I recently reviewed the Perpetual Moon by Arnold & Son, one of the largest moon-phase watches in the industry. It might seem too soon to write about yet another Arnold & Son, but ever since its integration with movement manufacturer La-Joux Perret under the Citizen (Miyota) holding group, the brand has released one too many pieces that tick all the right boxes for this horophile. Amongst the most visually and technically impressive from this year’s Baselworld fair is the Arnold & Son Time Pyramid.


Inspired by the regulator and skeleton clocks created by the brand’s founders John and Roger Arnold in the mid-late 18th century, the Time Pyramid brings some English flair to the world of Swiss (and occasionally Saxon) watchmaking.


The Time Pyramid gets its name from the uniquely shaped movement it houses.  It’s beauty lies not simply in its open nature, but in its symmetry. This is honestly one of if not the most symmetrical movement and watch I have ever seen.  The balance wheel is placed at 12 o’clock, with two mainspring barrels on the opposite end at 6 o’clock. The two mainspring barrels deliver a power reserve of 90 hours when fully (manually) wound, and provide a more constant force to the vertical linear wheel train. This works by the right-side barrel providing additional power to the left barrel when its torque decreases. This ensures that the watch runs at a more constant rate throughout its power reserve. Each barrel has its own power reserve indicators, represented by “serpent” style hands and dotted markings on the underside of the top sapphire crystal.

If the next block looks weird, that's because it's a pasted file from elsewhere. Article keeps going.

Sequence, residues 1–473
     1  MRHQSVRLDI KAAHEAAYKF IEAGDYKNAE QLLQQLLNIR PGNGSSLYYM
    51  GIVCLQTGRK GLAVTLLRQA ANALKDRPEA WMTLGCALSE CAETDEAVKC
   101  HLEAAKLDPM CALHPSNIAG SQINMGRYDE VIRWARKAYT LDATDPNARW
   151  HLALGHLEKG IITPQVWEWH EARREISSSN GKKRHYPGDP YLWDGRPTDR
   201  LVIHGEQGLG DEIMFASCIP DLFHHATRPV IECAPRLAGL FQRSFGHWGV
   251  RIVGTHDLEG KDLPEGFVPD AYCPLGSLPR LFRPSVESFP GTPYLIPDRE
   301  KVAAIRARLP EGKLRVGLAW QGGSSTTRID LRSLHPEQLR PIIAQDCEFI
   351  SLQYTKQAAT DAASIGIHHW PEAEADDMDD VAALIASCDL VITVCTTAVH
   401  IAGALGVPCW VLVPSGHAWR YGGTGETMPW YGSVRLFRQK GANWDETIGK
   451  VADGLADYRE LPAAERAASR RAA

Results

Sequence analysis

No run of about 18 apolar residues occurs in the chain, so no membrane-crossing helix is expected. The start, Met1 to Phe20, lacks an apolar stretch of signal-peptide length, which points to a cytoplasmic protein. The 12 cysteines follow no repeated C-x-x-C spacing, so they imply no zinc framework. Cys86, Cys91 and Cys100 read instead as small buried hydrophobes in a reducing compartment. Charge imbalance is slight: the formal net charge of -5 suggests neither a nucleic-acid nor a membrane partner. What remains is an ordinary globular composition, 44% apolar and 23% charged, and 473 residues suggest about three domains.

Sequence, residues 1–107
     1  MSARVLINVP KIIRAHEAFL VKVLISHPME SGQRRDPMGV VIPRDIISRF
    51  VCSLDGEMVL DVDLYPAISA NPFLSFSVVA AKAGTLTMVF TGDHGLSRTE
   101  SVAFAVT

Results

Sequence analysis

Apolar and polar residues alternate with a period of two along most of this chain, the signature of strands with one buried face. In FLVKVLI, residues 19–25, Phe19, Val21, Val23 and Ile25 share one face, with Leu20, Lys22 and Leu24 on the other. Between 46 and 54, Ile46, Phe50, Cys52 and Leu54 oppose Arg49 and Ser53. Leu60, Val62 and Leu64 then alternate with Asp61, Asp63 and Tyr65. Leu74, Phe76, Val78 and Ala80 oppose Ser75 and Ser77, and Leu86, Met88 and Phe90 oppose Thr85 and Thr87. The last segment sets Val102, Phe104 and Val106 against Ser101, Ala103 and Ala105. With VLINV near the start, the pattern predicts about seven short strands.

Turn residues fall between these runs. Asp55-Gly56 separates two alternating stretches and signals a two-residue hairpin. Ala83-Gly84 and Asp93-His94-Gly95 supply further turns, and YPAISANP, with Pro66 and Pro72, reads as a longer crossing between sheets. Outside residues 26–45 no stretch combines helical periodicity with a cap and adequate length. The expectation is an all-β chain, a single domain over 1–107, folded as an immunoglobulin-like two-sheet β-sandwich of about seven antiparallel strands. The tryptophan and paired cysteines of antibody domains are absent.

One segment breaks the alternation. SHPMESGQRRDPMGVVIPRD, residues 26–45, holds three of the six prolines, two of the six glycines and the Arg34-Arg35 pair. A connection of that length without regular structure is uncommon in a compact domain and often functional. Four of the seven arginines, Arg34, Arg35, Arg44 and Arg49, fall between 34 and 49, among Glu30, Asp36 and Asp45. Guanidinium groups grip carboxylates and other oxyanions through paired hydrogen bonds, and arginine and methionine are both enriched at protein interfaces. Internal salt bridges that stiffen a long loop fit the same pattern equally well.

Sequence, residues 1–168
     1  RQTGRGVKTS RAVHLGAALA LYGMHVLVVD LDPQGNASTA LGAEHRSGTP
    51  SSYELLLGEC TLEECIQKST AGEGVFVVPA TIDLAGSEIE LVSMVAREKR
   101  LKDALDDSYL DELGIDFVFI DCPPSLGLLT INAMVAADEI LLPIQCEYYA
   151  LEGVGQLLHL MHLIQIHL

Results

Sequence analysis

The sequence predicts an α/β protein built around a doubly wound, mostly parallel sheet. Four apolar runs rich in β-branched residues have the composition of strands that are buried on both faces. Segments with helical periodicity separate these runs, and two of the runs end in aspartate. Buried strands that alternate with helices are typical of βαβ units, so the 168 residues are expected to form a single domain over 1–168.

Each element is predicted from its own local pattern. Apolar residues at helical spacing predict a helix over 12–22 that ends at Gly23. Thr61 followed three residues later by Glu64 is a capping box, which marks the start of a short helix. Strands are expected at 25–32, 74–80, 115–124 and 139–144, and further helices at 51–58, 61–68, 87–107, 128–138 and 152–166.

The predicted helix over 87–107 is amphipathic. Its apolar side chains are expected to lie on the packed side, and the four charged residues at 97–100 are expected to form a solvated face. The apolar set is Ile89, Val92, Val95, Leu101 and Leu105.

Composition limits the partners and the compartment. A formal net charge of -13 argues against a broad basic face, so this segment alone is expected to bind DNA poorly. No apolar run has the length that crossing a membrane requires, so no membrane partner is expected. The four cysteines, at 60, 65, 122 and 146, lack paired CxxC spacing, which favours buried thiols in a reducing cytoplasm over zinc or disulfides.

The dial indications, like the movement, are spread through multiple layers. The off-center hours and minutes are indicated on the lower half of the dial on a silvered ring and sapphire dial with Roman numerals, complete with skeleton arrow hands. The seconds subdial is discretely placed the main dial, with a blued arrow hand placed exactly under the 12 o’clock mark.



The caseback view is equally impressive, revealing the top plate of the skeletal in-house A&S1615 movement, finished and decorated in a more traditionally Swiss aesthetic code (the brand is based in La Chaux-de-Fonds after all!) with Côtes de Genève stripes and  hand-finished chamfered brides and high-polished edges.



While I love “mystery” watches like the Rotonde de Cartier and movement layouts like Corum’s Golden Bridge, I usually can’t stand the way the look on my wrist due to how my inherently Arab arm hairs are pressed against the sapphire case back. It’s revolting. With the Arnold & Son Time Pyramid however, there’s enough movement and dial markings to occupy the space; not to mention enough depth to keep your eyes focused elsewhere than your sweaty wrist. The case measures just under 45mm but wears surprisingly smaller thanks to the relatively wide bezel and of course the placement of the crown at 6 o’clock. The entire watch feels more like a mechanical sculpture on the wrist and brings a certain old-world charm in its architecture.


Currently available solely in a red gold case, the Arnold & Son Time Pyramid is priced at a very fair 40’000 CHF.